This is an entry of the 50 Before 50 Martial Law Commemoration Series.  To see the full list of entries, press this link: 50 before 50 Project Page




Martial Law is remembered as a period of tremendous turmoil for the country. A situation marked by all sorts of violence, including assassinations, enforced disappearances, the suspension of the writ of habeas corpus, widespread human rights violations, and major military and political violations of people’s civil freedoms and democratic rights.[1] Nobody truly knows how many victims there were because different organizations claim different statistics. Many Filipinos have been jailed, tortured, and executed without due process as a result of Martial Law. Many perished, many disappeared, but many also lived to tell their story. One of the many Martial law victims is Allan, who was physically abused, illegally detained, and had his properties illegally taken from him.

It was one evening in 1974, when the Special Police, led by a certain Capt. Cagas, broke down the door to Allan’s home in Sorsogon and forcibly entered their home. They made Allan and his family kneel with a gun pointed at them as they probed around without a search warrant, equipped with a mere accusation that Allan was a member of the New People’s Army (NPA). They sought evidence that Allan was one of the alleged accomplices of the rebel soldiers. Even if Allan told the truth that he was not acquainted with the NPA, the soldiers did not believe him and allegedly tortured him and his family. After torturing them, the soldiers left their house, threatening them that they will surely come back.[2] Allan and his family were subjected to such torment as a means for the soldier to conduct their interrogation or extract confessions or information.[3]

After three months, Allan was forcibly picked up by armed soldiers and was detained at an area where he met Cendro Mandrano, Gomez Mandrez, Leonard Mandinio who were also victims of false accusations by the Special Police and the Philippine Constabulary.[4] The next day, they were moved to another detainment facility where they were imprisoned for almost nine days. It took some time, but they were eventually released a few months later.[5] However, the fear and trauma that they endured from the predicament remained.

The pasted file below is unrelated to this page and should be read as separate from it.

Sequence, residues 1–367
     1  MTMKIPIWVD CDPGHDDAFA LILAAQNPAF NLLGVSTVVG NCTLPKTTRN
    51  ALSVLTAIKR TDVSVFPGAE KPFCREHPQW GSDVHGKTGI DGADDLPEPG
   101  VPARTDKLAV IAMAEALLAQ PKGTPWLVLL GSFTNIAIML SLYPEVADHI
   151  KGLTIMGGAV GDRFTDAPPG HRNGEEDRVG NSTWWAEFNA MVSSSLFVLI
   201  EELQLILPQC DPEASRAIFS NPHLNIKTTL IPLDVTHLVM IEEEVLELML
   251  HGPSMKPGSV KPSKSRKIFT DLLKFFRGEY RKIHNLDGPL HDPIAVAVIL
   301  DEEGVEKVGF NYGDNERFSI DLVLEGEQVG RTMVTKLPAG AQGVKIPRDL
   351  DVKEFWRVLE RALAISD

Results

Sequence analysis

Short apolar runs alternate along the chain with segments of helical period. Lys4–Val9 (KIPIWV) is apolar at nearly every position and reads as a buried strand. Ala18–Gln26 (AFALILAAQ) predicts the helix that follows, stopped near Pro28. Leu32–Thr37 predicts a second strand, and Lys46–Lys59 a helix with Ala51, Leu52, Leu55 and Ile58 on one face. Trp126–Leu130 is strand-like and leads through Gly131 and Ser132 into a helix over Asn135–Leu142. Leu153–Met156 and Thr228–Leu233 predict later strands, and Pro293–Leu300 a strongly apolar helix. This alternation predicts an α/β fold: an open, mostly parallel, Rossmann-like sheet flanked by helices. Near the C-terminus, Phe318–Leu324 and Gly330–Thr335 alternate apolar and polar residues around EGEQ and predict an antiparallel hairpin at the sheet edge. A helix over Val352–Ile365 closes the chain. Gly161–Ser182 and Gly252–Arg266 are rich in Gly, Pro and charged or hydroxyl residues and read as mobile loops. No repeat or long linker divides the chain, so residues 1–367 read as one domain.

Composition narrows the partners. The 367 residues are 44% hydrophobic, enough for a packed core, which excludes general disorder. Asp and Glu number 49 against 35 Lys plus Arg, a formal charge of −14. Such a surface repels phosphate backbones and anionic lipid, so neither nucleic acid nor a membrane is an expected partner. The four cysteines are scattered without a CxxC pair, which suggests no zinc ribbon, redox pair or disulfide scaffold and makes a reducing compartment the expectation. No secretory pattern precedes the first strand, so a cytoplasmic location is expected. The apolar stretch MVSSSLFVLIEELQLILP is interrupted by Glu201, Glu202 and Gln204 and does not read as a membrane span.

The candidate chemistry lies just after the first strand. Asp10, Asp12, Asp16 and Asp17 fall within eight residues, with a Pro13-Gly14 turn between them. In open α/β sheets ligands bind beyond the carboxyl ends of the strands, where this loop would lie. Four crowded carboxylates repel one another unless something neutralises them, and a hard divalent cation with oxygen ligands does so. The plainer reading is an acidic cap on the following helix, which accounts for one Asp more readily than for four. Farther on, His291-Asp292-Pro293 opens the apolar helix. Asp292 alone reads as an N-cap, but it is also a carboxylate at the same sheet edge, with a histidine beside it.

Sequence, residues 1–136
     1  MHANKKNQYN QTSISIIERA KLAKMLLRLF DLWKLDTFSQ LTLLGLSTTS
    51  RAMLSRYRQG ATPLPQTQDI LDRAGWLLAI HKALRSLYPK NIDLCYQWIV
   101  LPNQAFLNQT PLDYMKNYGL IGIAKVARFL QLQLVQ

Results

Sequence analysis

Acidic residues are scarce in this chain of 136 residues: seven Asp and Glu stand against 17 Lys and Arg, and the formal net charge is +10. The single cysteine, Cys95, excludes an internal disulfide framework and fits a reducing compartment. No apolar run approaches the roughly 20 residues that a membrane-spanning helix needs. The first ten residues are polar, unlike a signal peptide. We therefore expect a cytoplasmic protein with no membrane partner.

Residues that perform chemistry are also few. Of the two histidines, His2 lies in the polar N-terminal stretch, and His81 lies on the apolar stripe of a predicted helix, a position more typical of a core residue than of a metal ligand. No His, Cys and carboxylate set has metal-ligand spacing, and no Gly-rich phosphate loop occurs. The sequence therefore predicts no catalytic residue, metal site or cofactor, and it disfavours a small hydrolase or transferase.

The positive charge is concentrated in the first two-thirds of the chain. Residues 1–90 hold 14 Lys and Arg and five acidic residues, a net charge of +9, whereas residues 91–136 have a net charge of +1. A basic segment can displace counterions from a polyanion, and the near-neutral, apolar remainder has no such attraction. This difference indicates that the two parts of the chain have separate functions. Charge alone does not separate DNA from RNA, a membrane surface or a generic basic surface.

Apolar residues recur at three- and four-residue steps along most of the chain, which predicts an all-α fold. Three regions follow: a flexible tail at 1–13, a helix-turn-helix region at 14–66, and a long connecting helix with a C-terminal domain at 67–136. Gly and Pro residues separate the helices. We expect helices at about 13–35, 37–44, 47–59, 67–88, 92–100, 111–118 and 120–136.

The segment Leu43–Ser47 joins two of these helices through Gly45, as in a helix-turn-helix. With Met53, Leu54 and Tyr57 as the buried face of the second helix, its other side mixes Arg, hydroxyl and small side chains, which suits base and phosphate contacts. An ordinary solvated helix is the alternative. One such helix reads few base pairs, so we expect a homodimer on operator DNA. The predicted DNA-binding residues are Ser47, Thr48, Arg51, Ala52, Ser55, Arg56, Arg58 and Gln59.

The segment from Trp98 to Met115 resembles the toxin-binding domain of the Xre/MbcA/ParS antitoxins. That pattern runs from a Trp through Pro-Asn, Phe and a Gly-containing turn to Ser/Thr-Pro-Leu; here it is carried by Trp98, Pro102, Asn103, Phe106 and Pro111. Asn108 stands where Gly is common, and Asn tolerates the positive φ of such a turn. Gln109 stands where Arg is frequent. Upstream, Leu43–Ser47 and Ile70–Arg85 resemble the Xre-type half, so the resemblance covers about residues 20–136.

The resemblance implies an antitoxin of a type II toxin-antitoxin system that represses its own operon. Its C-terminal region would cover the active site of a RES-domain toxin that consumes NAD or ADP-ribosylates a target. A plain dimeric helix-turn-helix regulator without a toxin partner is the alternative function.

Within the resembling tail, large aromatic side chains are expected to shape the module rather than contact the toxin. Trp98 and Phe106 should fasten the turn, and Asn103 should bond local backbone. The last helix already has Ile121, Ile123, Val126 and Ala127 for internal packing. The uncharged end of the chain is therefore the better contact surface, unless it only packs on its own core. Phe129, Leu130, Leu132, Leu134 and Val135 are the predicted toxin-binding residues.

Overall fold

In 2014, Allan filed a claim for alleged torture, arbitrary detention, and the illegal takeover of his property to the newly founded Human Rights Victims’ Claims Board (HRVCB). His case of Arbitrary Detention was found to be warranted. However, the allegations of torture was not approved, due to the R.A 9745 or the Anti Torture Act of 2009 requiring a level of severity of pain or suffering and purposive act before finding torture. Similarly, the allegations of illegal takeover of property was also not approved as the division found no merit in these claims, since Allan was not able to provide details to this aspect of his claim. Nonetheless, the HRVCB’s division in charge of Allan’s case thoroughly evaluated his claims and eventually awarded him three (3) points for Arbitrary Detention, and duly recognized him as a human rights violations victim.[6]

It was without a doubt that there are numerous victims like Allan who experienced such human rights violations under the hands of those in power during the time of Martial Law. Like Allan, there are a lot of victims who fell prey to false accusations that lead to inhuman abuse and detention during those dark times. Stories like the one Allan has experienced are essential in telling the truth, more so in our recent times of disinformation. It is only their right to tell their story for them to be able to get the justice they truly deserve.



[1] Human Rights Watch, “Philippines: Martial Law Threatens Escalation of Abuses,” New York. May 25, 2017,

[2] Victim’s affidavit (Case No. 2014-5D-00090, Sorsogon: 2014), accessed through the archives of the Human Rights Violations Victims’ Memorial Commission.

[3] Michelle Maiese, “Human Rights Violations,” in Beyond Intractability, eds. Guy Burgess and Heidi Burgess, Conflict Information Consortium, University of Colorado, Boulder, July 2003,

[4] “Affidavit.”

[5] Ibid., 2.

[6] “Resolution,” (Case No. 2014-5D-00090, Metro Manila: 2014), accessed through the archives of the Human Rights Violations Victims’ Memorial Commission.